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NBA Free Agency: The Lakers shouldn't sign Harrison Barnes

The young small forward is going to have a hard time living up to his big contract.

Bob Donnan-USA TODAY Sports

Welcome to Lakers LinkedIn, our new free agency preview series (inspired by our friends over at Liberty Ballers' own "Sixers Tinder") where we look at the "resumes" of various free agents, and determine whether or not we think the Lakers' should hire them. The Lakers are apparently interested in Harrison Barnes, but should they be?

Harrison Barnes’ Resume:

-NBA Champion

-NBA All-Rookie First Team

-First-team All-ACC (2012)

Harrison Barnes was an instrumental part of the Golden State Warriors during their 2015 championship run. Barnes averaged only 10.1 points per game but had career-high shooting percentages, including a 40.5 percent mark from three-point range. Barnes is also a solid defender and his ability to guard multiple positions enabled the Warriors to use him effectively.

Barnes was again a valuable starter on the 73-win Warriors in 2016. Entering restricted free agency at the end of the season with the first cap spike, Barnes will almost certainly be looking for a max contract. The small forward averaged a career-high 11.7 points per game, but his shooting percentages took a small dip. Barnes’ offensive and defensive rating, according to basketball-reference, also slipped from the 2015 campaign but just 24-years old, Barnes still has some room to grow into a solid two-way player.

However, there are some huge red flags with Barnes. He doesn’t really distribute the ball, averaging just 1.5 assists per game in his career. Barnes also had a horrendous postseason and tends to disappear in big games. During the first round of the playoffs, Barnes shot 29 percent from the field and 20 percent from three. He improved as the playoffs progressed, eventually shooting 48 percent from the floor in Golden State’s return from a 3-1 series deficit against Oklahoma City. But even in that series, Barnes had bad performances in Game 5 and Game 7. He had 11 points on 4-13 shooting in both those games. That isn’t exactly the type of player deserving of a max contract.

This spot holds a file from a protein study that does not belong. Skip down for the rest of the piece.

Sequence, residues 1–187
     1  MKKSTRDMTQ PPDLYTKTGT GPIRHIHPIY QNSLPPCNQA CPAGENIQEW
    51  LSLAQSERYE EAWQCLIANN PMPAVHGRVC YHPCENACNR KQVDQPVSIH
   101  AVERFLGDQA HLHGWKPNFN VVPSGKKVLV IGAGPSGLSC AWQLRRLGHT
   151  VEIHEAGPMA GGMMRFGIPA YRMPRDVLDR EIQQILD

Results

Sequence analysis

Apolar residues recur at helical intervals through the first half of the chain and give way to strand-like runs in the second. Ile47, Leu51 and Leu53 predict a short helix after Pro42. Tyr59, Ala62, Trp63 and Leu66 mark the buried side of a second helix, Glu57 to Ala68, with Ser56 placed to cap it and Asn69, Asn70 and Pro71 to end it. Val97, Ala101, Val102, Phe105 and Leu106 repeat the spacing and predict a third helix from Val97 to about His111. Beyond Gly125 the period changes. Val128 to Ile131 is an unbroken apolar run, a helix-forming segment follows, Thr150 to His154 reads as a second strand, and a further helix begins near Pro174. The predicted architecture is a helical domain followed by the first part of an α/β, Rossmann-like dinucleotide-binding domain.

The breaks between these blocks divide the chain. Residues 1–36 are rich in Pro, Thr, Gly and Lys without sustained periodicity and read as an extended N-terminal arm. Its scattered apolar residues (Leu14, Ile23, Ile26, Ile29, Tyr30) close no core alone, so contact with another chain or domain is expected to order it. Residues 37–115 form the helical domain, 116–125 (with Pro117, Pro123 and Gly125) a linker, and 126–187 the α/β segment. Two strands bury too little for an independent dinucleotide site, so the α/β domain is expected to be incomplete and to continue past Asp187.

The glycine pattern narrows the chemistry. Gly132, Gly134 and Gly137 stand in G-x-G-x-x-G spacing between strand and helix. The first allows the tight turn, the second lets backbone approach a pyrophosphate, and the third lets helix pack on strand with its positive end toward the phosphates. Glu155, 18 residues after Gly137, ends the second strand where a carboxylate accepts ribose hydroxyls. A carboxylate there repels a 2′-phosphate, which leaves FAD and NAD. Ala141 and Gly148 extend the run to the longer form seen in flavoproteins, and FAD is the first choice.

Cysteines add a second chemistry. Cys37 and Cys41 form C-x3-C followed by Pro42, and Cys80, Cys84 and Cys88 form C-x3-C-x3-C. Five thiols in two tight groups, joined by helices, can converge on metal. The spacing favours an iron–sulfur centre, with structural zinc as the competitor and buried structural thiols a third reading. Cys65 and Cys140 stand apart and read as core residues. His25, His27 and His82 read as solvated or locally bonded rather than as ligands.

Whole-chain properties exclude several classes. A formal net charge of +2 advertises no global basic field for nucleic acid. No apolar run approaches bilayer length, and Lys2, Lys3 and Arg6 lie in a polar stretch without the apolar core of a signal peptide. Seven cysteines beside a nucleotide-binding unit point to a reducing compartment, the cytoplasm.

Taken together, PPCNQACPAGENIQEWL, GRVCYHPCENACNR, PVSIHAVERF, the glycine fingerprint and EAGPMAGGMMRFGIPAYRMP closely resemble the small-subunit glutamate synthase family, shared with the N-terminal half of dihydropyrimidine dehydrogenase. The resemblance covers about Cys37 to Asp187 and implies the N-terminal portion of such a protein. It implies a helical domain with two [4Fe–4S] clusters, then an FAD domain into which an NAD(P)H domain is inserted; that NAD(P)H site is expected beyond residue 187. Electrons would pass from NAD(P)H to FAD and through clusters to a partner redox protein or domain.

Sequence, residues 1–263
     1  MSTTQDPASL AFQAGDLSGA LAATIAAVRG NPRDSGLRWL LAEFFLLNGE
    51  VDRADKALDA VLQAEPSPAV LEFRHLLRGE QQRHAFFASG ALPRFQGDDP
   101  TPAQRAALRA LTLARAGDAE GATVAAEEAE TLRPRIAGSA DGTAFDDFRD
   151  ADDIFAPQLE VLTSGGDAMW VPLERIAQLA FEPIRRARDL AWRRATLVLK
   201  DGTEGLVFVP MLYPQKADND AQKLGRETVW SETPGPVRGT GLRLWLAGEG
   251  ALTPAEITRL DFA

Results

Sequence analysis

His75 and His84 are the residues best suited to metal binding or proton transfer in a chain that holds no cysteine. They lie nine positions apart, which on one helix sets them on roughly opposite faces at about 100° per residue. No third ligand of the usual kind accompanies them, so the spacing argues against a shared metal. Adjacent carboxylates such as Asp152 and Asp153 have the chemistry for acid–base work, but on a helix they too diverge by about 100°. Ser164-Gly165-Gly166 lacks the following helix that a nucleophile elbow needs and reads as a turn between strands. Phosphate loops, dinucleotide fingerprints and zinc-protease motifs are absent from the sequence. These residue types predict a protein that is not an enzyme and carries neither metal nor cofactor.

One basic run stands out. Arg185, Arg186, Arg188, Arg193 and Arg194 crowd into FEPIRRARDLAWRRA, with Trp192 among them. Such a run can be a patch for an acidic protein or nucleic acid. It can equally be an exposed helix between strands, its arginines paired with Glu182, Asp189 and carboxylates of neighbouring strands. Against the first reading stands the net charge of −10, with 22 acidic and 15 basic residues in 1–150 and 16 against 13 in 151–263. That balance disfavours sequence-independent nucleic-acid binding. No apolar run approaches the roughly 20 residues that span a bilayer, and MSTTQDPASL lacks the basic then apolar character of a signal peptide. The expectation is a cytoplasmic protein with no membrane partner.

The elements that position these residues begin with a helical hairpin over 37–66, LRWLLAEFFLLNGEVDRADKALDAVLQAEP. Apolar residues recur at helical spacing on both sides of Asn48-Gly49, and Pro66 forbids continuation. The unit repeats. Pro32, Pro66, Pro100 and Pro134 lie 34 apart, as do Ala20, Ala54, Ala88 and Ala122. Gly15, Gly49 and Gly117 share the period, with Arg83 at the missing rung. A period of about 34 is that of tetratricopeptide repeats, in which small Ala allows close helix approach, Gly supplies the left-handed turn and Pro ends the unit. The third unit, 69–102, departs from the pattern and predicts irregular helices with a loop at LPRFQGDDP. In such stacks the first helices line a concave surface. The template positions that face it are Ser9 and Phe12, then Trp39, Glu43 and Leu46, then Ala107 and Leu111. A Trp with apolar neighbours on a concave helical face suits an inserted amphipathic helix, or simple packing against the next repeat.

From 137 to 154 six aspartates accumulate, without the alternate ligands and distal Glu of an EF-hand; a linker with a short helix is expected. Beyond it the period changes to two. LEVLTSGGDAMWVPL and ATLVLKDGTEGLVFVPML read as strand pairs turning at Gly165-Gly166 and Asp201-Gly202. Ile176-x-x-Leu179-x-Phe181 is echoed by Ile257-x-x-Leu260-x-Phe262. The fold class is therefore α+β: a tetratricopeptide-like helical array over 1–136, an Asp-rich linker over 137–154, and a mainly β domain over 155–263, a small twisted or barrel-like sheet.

The final nail in the coffin for me, however, is his performance in the Finals. Barnes reached new levels of awful in the matchup with the Cavaliers. He shot 5-32 over the final three games and was a huge negative for Golden State. The Warriors collapsed after having a 3-1 series lead and Barnes was a big part of that. Again, not exactly a ringing endorsement for someone seeking a max contract.

The biggest problem with Barnes is that he relies heavily on his scoring to make an impact and doesn’t compensate for an off shooting night by attacking the glass or making a conscious effort to pass more. This means he’s going to continue to take shots. His defense is at league-average levels and he is wildly inconsistent as a shooter. If you looked at 10 games in February and 10 games in March, you would think you were looking at stats for two different players.

The only thing Barnes can consistently do is hit a three. He’s a 37 percent shooter from deep for his career and that will have some value. However, he is not worth a max contract even in an offseason when the cap is ballooning. That's important because the Warriors can match all offers, so it would take the max to even possibly pry him away from the Bay Area. There is absolutely no reason for the Lakers to go after him.

Should the Lakers hire him? No thanks.

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